The Second Dependency Case

In July 2011, the Agency filed a new dependency petition. (§ 300, subd. (b).) The new petition alleged that at a September 2010 team decision meeting, the paternal grandfather had agreed that visits would be supervised. The parents had attended the meeting. However, after the meeting, the paternal grandparents allowed B.L. to live with the parents. The parents were arrested in July 2011 after police discovered more than 100 marijuana plants, a hydroponic system and marijuana paraphernalia in a room across the hall from the bedroom that B.L. shared with the parents. There was marijuana accessible to B.L. in the bedroom. The parents had drug-related criminal histories.

B.L. was initially detained at Polinsky Children's Center, then in a foster home and finally, with a maternal aunt. At the detention hearing, the court ordered supervised visitation for the parents, consistent with the rules of the facilities where they were incarcerated. The court gave the social worker discretion to allow unsupervised visits, to allow overnight and weekend visits with prior notice to B.L.'s counsel, and to allow 60-day trial visits, with the concurrence of B.L.'s counsel. The court ordered voluntary services for the parents.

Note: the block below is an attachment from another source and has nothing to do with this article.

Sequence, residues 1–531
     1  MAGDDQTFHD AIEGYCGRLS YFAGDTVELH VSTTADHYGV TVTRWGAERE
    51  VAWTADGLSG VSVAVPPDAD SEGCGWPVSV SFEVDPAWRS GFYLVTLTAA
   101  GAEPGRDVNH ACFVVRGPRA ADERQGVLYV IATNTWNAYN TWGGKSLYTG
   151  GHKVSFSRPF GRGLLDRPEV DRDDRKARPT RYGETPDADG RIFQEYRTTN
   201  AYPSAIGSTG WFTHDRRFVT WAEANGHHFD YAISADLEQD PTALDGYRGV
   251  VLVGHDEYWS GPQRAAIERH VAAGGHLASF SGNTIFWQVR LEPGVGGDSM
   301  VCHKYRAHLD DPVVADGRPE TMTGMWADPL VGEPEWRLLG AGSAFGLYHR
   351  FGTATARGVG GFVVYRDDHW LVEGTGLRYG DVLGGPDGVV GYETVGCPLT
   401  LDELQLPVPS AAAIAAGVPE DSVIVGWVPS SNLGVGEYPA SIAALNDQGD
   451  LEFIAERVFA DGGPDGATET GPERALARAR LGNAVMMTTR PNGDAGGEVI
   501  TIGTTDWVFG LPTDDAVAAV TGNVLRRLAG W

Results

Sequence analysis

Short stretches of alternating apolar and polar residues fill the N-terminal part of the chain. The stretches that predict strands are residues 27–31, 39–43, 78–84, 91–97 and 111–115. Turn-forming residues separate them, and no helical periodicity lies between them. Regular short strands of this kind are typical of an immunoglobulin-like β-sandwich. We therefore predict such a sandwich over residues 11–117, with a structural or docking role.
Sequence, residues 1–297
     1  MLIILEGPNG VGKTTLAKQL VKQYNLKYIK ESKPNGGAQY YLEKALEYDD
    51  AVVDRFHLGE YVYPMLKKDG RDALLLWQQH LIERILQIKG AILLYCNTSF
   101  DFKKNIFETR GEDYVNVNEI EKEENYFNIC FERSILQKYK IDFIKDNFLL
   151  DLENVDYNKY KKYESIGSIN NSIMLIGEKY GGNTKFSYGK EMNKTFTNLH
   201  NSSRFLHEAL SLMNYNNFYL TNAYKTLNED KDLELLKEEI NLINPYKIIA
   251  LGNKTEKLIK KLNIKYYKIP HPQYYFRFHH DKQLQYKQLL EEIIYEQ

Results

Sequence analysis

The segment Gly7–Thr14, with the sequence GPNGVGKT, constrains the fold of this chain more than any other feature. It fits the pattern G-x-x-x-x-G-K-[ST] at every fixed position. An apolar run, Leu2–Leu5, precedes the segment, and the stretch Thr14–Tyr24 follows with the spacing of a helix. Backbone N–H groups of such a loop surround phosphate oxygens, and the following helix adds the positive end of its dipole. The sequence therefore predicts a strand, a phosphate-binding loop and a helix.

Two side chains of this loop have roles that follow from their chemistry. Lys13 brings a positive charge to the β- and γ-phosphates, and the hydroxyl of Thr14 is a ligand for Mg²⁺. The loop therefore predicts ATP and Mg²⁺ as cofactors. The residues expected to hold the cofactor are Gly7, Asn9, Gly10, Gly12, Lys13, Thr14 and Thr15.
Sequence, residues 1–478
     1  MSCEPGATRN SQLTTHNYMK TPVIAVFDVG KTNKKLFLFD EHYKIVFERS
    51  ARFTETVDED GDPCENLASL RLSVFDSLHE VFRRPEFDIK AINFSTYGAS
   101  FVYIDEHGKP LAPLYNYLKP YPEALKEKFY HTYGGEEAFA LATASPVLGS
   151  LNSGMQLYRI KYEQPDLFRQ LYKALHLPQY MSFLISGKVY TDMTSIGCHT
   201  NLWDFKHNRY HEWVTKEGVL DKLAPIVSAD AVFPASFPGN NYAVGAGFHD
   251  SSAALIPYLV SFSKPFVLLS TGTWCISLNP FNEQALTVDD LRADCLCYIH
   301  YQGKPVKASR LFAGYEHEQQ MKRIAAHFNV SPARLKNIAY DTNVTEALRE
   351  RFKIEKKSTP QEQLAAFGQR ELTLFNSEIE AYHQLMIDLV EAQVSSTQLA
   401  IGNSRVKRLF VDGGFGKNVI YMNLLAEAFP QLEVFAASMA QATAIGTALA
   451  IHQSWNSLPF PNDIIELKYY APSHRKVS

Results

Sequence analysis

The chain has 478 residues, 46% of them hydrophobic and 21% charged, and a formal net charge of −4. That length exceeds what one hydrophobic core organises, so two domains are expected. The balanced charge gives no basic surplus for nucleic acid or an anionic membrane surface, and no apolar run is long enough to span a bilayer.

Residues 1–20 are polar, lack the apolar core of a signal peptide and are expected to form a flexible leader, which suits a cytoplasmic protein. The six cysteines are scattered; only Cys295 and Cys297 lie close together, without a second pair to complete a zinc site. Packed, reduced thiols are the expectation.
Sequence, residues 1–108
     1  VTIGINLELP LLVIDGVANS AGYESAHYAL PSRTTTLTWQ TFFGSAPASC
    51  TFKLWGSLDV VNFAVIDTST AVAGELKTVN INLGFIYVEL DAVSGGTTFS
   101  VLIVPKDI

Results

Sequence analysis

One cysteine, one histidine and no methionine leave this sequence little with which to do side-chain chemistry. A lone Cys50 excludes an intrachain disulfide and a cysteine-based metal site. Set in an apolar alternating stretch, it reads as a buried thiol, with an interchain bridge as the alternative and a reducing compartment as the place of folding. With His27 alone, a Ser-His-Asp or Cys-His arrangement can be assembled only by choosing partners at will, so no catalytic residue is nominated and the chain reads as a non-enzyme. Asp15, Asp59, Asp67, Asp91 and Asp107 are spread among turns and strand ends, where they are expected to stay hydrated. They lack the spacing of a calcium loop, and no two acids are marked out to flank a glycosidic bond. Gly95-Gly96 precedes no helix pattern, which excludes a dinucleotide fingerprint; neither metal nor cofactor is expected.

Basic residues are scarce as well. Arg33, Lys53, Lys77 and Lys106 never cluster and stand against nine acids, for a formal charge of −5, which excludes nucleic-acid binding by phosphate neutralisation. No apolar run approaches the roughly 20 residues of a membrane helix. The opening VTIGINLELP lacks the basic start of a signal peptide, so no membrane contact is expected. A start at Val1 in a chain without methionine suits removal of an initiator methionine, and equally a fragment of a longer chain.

In September 2011, the court entered a true finding on the new dependency petition, ordered B.L. removed from the custody of the paternal grandparents and from the physical custody of the parents, (§ 361, subd. (c)) and ordered B.L. placed with a different relative. The court granted the paternal grandparents reunification services but denied services to the parents. The court ordered that S.G. continue to receive supervised visits once a month, allowed her supervised telephonic visits and gave the social worker discretion to expand S.G.'s visitation, if appropriate and feasible. The court denied Bernardo face-to-face visitation while he remained in custody, ordered one supervised visit per month after his release and allowed him one supervised telephone call per month.


The Parents Were Not Entitled To Reunification Services

The Agency recommended that no reunification services be provided to the parents pursuant to section 361.5, subdivision (b)(10). The court followed the recommendation and based its denial of services on that subdivision. As explained below, section 361.5, subdivision (b)(10), provides an exception to the general entitlement to reunification services set forth in section 361.5, subdivision (a).